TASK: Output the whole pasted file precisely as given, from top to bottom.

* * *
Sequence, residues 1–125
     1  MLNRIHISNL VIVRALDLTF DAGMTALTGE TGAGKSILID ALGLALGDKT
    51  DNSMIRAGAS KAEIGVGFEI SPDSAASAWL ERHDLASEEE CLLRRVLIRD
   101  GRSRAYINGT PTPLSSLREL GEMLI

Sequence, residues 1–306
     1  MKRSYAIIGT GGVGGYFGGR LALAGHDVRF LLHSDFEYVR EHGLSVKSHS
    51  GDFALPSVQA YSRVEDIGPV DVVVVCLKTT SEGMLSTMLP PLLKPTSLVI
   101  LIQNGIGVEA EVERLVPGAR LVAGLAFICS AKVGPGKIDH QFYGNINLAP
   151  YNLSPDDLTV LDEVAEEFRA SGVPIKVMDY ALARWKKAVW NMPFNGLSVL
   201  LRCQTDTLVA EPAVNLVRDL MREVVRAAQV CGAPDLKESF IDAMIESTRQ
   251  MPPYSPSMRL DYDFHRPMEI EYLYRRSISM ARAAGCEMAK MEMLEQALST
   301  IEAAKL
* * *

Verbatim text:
Sequence, residues 1–125
     1  MLNRIHISNL VIVRALDLTF DAGMTALTGE TGAGKSILID ALGLALGDKT
    51  DNSMIRAGAS KAEIGVGFEI SPDSAASAWL ERHDLASEEE CLLRRVLIRD
   101  GRSRAYINGT PTPLSSLREL GEMLI

Sequence, residues 1–306
     1  MKRSYAIIGT GGVGGYFGGR LALAGHDVRF LLHSDFEYVR EHGLSVKSHS
    51  GDFALPSVQA YSRVEDIGPV DVVVVCLKTT SEGMLSTMLP PLLKPTSLVI
   101  LIQNGIGVEA EVERLVPGAR LVAGLAFICS AKVGPGKIDH QFYGNINLAP
   151  YNLSPDDLTV LDEVAEEFRA SGVPIKVMDY ALARWKKAVW NMPFNGLSVL
   201  LRCQTDTLVA EPAVNLVRDL MREVVRAAQV CGAPDLKESF IDAMIESTRQ
   251  MPPYSPSMRL DYDFHRPMEI EYLYRRSISM ARAAGCEMAK MEMLEQALST
   301  IEAAKL